J.D. Vance's controversial 2016 bestseller, Hillbilly Elegy: A Memoir of a Family and Culture in Crisis, is now available to stream on Netflix. Ron Howard's Hillbilly Elegy film has received praise for Amy Adams and Glenn Close's portrayals of Vance's mother and grandmother — as well as a slew of negative reviews for just about everything else in the film — but readers know that nothing stands in for the book itself. Here's what you need to know about the Hillbilly Elegy book ending before you watch the movie. Major spoilers for Hillbilly Elegy follow.
Lauded as an insider's look at Appalachian life upon its 2016 launch, J.D. Vance's Hillbilly Elegy takes readers on Vance's journey from the southern Ohio suburbs to Yale. But Vance, a venture capitalist and one time aspiring Republican senator, is not the book's most compelling character. Instead, the author's mother and grandmother, Bev and Mamaw Vance, take center stage in his story of abuse and addiction.
The matriarchs of Vance's life are not heroes, however. For much of her life, Mamaw is locked in a physically abusive marriage to Papaw Vance, who drinks too much. Mamaw eventually lights Papaw on fire with gasoline to pay him back for his drinking problem, and although the two separate afterward, they remain close. Bev, on the other hand, bounces between a series of abusive relationships, beats her children, and abuses prescription narcotics.
Vance finds his escape in military service. Following a tour of duty in the Iraq War, he attends Ohio State University, taking on an accelerated course of study in order to graduate early. When he's accepted to Yale Law School, however, Vance experiences a massive culture shock living among his wealthy-born peers. His lifeline at Yale turns out to be his future wife, Usha, who helps him rub elbows with the upper classes without revealing too much about his impoverished background.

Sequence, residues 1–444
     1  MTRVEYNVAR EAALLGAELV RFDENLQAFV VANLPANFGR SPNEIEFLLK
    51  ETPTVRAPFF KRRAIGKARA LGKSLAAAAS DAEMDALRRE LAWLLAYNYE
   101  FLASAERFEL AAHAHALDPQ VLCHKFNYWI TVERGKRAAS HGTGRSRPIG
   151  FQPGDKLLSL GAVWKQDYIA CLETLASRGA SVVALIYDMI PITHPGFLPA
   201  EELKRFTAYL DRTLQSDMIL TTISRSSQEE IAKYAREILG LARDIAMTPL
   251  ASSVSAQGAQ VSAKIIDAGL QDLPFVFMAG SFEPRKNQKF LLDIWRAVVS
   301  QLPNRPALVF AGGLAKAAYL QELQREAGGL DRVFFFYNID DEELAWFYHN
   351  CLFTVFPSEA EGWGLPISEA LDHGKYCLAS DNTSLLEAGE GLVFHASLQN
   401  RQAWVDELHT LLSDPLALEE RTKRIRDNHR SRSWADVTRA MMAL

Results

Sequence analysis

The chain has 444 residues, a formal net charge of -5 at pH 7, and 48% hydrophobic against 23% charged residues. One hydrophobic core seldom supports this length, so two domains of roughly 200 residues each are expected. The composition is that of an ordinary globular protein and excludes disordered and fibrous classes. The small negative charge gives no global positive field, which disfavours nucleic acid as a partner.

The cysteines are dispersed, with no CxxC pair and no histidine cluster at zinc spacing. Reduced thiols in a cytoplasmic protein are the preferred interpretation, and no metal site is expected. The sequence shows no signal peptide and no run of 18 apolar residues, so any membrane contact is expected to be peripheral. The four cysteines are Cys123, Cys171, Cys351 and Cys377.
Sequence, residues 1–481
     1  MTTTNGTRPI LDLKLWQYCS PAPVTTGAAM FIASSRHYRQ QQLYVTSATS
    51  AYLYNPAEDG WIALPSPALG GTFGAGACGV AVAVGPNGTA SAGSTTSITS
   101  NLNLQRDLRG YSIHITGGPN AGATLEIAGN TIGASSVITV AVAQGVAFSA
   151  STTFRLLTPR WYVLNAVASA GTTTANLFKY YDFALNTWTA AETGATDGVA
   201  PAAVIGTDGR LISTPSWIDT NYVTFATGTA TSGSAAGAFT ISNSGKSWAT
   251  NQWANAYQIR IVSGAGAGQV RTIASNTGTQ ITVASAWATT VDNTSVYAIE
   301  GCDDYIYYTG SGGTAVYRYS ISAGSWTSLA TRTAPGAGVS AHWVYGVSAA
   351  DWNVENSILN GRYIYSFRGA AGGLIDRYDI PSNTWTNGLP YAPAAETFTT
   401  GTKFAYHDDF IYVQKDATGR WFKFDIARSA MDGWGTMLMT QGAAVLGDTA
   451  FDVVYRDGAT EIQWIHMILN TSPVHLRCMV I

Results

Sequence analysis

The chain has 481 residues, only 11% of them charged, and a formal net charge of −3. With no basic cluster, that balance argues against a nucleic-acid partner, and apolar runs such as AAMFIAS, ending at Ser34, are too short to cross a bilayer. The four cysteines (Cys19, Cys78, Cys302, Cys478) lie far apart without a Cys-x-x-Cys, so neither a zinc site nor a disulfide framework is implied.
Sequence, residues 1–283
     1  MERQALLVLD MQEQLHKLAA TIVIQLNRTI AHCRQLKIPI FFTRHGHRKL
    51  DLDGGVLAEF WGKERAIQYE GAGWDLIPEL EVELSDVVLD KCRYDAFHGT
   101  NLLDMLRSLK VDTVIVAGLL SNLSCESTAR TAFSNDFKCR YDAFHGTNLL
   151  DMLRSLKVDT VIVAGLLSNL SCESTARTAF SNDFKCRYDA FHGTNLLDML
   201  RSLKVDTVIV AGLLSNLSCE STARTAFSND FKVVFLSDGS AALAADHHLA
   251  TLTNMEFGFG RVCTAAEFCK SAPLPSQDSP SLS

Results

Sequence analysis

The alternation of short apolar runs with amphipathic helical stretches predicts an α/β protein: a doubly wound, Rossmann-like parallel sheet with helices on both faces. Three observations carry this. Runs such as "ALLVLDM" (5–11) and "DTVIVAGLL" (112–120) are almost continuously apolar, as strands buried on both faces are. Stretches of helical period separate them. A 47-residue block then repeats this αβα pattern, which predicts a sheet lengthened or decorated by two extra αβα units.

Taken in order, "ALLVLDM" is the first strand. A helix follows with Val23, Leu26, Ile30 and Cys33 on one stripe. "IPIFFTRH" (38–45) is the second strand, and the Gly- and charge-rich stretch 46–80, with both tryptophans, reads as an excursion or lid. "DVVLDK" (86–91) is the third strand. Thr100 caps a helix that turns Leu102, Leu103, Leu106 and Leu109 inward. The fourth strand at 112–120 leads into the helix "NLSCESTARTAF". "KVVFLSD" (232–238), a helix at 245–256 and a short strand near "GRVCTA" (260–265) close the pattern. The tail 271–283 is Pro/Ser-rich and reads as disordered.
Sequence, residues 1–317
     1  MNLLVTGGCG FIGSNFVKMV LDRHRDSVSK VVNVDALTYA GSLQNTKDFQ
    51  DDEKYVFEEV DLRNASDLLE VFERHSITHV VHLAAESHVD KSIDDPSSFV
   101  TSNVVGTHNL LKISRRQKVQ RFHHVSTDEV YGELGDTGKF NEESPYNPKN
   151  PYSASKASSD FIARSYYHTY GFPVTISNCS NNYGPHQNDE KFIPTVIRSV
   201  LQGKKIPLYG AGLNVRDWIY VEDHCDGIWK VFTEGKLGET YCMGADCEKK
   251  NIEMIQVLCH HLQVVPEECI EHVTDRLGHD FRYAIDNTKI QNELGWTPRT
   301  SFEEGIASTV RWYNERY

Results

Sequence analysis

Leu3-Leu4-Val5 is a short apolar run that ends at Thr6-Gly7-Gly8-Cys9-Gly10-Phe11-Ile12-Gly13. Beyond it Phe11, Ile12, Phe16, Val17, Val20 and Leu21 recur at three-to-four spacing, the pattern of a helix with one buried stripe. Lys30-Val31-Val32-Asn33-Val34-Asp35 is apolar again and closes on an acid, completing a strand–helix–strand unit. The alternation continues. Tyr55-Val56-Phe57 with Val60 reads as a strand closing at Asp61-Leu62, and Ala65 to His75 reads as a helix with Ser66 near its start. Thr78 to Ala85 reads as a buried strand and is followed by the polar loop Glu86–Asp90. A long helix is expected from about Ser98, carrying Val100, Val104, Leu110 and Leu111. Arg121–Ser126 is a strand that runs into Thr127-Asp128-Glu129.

As Hillbilly Elegy comes to a close, Vance turns his attention to reflecting on the problems of "hillbilly" life — a move that has drawn harsh criticism. Writing for Lexington, Kentucky's Herald Leader, Brandon Kiser points out that "Vance isn’t a hillbilly at all." Although he spent short periods of his life in an area of Kentucky which Kiser calls "Hillbilly Headquarters, USA," Vance actually grew up in the suburbs of Cincinnati, Ohio, outside the purview of the Appalachian Regional Commission.
The film has drawn just as much controversy as the book did in 2016, but you can check it out for yourself on Netflix now.